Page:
PhD, Purdue University
Room: 8053 COMRB
Herpes simplex viruses (HSV) are large DNA viruses which switch between latent and lytic infections. Upon infection, the viruses instigate Toll-like receptors and cytosolic sensors, which mediate the production of interferon, inflammatory cytokines, and chemokines. These soluble factors serve to limit viral replication and regulate immunes cells, including dendritic cells, macrophages, and activate T lymphocytes. Remarkably, several innate immune mechanisms operate in a cell-type specific and temporal manner in response to HSV infection. To replicate or persist in the host, herpes simplex viruses produce an array of proteins that function coordinately. Accordingly, dynamic interplay between viruses and their host dictates the outcomes of HSV infection. The long-term goal of our research is to understand the nature of virus-host interactions, with two major themes: Publications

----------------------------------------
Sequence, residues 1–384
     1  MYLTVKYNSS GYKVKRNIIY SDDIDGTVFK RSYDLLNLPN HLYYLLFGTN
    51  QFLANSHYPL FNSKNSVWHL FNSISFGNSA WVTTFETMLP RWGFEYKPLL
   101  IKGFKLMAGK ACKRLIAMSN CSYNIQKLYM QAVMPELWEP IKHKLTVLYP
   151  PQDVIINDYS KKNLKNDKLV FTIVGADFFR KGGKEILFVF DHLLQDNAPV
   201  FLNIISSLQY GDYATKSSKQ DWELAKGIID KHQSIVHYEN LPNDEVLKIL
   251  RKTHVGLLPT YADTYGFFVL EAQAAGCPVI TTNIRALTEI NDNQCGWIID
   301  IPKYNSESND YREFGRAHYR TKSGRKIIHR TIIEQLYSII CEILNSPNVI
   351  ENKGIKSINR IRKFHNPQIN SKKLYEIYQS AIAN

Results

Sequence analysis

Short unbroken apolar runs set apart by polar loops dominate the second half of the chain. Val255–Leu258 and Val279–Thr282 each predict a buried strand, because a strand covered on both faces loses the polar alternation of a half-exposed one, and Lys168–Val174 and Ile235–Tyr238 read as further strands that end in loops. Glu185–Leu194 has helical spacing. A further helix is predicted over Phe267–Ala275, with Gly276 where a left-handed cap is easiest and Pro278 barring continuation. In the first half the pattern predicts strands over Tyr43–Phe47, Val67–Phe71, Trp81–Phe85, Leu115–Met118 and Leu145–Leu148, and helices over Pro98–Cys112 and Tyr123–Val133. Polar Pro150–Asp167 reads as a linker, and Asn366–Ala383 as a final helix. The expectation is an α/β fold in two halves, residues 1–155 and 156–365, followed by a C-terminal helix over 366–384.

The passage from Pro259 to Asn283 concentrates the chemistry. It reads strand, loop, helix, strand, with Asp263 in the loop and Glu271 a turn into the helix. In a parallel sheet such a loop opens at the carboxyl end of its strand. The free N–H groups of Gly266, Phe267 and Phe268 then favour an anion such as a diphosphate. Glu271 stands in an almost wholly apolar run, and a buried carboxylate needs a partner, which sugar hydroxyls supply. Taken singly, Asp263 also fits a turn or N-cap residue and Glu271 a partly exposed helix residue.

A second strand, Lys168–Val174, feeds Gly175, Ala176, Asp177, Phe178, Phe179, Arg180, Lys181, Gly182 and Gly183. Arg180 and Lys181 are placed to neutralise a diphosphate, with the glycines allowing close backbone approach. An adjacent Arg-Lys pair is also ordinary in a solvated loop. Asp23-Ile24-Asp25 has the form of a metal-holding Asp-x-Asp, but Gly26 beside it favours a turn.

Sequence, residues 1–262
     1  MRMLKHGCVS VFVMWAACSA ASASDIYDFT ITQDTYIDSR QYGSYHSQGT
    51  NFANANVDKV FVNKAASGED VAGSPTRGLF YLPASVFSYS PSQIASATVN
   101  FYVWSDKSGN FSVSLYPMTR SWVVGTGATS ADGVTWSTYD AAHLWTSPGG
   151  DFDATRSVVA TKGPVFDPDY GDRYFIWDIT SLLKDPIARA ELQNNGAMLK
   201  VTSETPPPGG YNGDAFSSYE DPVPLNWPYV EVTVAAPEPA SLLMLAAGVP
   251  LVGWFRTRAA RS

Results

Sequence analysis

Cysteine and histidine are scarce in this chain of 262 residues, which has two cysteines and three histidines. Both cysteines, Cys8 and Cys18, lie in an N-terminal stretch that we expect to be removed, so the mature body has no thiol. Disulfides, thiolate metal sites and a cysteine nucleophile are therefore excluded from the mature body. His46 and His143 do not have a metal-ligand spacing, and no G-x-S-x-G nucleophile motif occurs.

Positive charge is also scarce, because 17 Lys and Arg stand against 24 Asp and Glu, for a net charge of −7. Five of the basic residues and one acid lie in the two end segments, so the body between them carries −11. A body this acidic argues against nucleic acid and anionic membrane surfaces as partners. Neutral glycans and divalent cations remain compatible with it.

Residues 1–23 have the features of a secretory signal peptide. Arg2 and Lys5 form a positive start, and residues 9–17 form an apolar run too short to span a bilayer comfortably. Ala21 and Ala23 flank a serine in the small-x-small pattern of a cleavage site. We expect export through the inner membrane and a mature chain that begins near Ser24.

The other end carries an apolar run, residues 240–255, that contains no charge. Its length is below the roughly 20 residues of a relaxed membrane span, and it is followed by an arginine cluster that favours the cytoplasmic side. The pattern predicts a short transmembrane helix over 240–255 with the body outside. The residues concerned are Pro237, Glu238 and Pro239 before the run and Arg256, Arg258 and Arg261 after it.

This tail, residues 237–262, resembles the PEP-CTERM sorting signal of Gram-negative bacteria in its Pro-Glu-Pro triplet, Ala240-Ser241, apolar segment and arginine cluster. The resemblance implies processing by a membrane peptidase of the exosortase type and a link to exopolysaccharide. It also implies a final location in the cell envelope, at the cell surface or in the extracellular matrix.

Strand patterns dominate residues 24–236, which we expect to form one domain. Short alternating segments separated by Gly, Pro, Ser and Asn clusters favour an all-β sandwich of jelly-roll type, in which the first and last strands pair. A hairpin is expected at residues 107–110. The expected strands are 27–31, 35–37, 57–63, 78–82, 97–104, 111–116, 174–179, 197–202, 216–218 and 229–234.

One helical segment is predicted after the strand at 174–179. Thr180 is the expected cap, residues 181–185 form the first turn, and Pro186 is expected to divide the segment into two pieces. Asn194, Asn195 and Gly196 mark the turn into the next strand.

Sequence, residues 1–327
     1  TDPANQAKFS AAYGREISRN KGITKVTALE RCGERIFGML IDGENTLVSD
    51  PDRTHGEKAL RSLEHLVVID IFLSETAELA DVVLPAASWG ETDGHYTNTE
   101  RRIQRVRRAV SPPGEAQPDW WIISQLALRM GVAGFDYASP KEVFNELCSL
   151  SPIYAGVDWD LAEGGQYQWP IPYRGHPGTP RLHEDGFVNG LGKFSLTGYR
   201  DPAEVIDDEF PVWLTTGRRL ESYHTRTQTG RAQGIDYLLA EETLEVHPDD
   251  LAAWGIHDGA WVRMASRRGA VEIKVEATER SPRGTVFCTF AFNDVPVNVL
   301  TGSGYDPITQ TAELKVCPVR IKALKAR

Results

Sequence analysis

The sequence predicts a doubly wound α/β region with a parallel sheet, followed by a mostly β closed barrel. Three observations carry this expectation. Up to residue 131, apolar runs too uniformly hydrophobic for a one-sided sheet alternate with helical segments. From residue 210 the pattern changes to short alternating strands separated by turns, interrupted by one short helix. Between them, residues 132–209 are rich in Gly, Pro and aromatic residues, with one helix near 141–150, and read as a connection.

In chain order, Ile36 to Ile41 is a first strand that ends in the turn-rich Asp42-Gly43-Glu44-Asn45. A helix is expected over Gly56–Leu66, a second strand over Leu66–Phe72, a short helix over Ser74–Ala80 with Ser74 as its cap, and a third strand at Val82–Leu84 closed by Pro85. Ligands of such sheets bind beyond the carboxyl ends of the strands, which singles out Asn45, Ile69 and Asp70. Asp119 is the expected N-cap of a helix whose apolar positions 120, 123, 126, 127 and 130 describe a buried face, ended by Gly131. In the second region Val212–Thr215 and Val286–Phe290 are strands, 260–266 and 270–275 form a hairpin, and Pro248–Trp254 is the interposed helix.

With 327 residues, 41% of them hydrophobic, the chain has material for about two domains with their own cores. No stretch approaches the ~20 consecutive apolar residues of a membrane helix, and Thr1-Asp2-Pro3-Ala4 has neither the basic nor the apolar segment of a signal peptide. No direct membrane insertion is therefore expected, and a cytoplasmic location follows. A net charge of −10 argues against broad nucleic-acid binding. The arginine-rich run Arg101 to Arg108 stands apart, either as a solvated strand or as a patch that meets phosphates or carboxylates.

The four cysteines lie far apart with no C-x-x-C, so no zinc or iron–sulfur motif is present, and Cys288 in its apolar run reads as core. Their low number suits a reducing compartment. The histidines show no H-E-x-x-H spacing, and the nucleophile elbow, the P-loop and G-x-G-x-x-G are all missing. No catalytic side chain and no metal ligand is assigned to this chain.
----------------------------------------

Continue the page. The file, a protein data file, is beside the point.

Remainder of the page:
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(2) Oncolytic HSV in cancer immunotherapyBuilt on systematic analyses, we study genetically edited HSV for cancer therapy. Current efforts are directed towards mechanisms of tumor-specific destruction and immune priming mediated by oncolytic HSV. This integrates viral genetics, cancer biology and immunology approaches. Our objective is to rationally develop next generation oncolytic platforms in immunotherapy.
Publications Search PubMed for Articles